Yankel, Leyba and Peysakh-Dovid were listed as members of the synagogue in Rosasna who participated in the election of the synagogue's Board members in 1885.  Also in 1885, Yankel's house was described on a property tax list.  It was a wooden house with a shingled roof and a wooden shed with an estimated value of 80 roubles. Yankel paid annual property taxes of 1 rouble and the house was insured for 120 roubles.  Leyba owned a similar house, valued at 60 roubles and paid 85 kopecks property tax.  Leyba's home was not insured. Yankel's korchma was located on Dubrovinskaya Street, was a wooden house with a shingled roof, two wooden sheds and one brick barn, valued at 100 roubles and insured for 150 roubles. The annual property tax was 1 rouble.
          Yankel and his third wife Ginda Leya left Rosasna in 1903, according to the register of outgoing documents.  Both were listed as staying current on taxes, with no criminal history.  It would have been at this time that they traveled to Odessa to visit the three daughters of him and his second wife living there, including my great-grandmother Beila, her husband and their son, my grandpa Ben, who was about 8 years old at the time.  It is unknown where Yankel and Ginda Leya went after their visit to Odessa.
          In 1906, Leyba's son Benyamin (b. 1873) also left Rosasna, according to the register of outgoing documents, for an unknown destination.  Leyba's older son Chaim (b. 1865) owned a grocery and tobacco store, located in his home, as of 1911, and the license was renewed until 5 Jan 1913.  The fee for the license renewal was 1 rouble, 50 kopecks.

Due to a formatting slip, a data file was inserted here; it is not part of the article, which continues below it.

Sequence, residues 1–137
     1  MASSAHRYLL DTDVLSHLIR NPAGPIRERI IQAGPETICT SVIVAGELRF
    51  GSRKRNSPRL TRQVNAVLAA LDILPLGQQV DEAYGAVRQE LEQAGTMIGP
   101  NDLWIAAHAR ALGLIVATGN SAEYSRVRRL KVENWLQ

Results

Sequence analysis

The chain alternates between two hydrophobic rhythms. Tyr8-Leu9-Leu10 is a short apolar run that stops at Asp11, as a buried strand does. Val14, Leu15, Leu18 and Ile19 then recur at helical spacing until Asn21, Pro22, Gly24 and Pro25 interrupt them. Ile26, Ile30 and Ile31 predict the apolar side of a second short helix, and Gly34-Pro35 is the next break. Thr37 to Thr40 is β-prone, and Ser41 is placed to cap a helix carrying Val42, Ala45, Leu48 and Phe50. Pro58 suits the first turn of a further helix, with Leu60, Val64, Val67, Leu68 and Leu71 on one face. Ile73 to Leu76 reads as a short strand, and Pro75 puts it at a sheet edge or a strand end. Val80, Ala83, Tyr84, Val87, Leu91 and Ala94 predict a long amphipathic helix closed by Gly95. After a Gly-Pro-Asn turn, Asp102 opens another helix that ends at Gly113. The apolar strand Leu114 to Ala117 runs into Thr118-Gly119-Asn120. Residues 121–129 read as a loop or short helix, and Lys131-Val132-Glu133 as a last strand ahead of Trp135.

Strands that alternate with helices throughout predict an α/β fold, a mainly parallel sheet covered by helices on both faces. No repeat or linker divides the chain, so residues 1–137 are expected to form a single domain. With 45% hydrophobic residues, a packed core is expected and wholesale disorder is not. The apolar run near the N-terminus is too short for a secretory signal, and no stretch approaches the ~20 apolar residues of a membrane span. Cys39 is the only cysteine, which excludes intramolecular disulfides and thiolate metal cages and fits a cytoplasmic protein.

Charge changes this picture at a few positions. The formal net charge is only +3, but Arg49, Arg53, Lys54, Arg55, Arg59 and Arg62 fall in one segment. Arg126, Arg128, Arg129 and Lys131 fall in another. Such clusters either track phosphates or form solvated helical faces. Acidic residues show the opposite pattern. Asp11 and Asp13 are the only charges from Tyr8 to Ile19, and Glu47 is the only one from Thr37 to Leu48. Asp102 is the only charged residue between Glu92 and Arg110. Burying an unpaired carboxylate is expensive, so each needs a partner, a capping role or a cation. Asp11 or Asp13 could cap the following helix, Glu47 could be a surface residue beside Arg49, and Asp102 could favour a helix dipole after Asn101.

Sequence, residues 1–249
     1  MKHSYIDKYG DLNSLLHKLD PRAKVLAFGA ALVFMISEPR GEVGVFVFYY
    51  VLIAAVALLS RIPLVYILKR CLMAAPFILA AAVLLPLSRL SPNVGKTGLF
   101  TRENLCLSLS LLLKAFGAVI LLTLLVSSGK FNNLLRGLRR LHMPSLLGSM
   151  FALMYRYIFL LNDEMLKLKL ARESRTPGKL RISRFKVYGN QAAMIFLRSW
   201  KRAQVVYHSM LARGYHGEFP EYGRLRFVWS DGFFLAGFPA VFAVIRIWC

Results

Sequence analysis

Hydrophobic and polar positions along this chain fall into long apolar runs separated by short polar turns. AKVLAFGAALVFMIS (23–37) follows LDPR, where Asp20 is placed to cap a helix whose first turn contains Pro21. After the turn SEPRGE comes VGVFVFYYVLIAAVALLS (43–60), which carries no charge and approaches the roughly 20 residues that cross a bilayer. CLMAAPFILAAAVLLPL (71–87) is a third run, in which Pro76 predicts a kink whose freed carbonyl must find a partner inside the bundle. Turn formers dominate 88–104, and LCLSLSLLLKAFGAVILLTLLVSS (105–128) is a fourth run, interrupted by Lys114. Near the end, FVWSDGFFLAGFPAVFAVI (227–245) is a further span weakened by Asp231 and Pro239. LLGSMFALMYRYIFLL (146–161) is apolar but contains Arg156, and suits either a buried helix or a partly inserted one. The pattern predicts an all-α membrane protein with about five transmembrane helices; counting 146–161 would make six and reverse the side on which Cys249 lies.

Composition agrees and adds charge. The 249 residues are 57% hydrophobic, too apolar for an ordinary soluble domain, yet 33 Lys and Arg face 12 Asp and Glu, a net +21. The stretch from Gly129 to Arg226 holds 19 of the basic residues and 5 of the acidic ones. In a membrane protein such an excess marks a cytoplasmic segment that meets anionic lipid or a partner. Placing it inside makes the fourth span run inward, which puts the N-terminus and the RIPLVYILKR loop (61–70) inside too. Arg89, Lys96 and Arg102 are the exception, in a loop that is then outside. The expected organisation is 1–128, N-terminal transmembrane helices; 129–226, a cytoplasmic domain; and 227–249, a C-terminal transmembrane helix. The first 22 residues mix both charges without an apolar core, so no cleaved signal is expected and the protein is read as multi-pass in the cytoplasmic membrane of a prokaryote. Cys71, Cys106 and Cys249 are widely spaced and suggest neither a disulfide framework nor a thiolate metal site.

The last records I have of the family date from the WWI era, in July and September of 1915.  In July, the supplemental draft listed the sons of Peysakh-Dovid: Movsha (age 19), Kalman (age 35, married), Elya (age 33, living in Dubrovno) and Borukh-Itzko (age 28, married).  In September, Simcha (age 22), the son of Chaim, was listed as missing near the town of Smorgon.  It is presumed that he died at this time.
          I was told by my researcher that there was the possibility for additional research.  Hopefully this will be realized in the not-too-distant future!
    







Jewish tavern scene in the Pale, lithograph, ca. 1840.  Many Jews traditionally earned
a living by innkeeping, despite government efforts to move Jews out of this occupation.





The KUZNETSOFF and LAPATUCHIN families:
     Please contact Terri FRIEDMAN (missterri41 at yahoo dot com) if you have any information about anyone with these surnames.  They were her grandparents, and were from Rossasna and Lyady.




SOURCES
Encyclopedia of Jewish Life Before and During the Holocaust edited by Shmuel Spector, Geoffrey Wigoder

Napoleon: A History of the Art of War: From the Beginning of the Peninsular War to the End of the Russian  Campaign with a Detailed Account of the Napoleonic Wars by Theodore Ayrault Dodge in 4 volumes, 1907
JewishGen Databases

Katya Makarevich





Compiled by Judy Petersen
Last updated by JP February 2016
copyright February 2016 Judy Petersen
Email: Judy Petersen or Terri Friedman


JewishGen Home Page

Belarus SIG Home Page
JewishGen Belarus Database
KehillaLinks Home Page

JewishGenerosity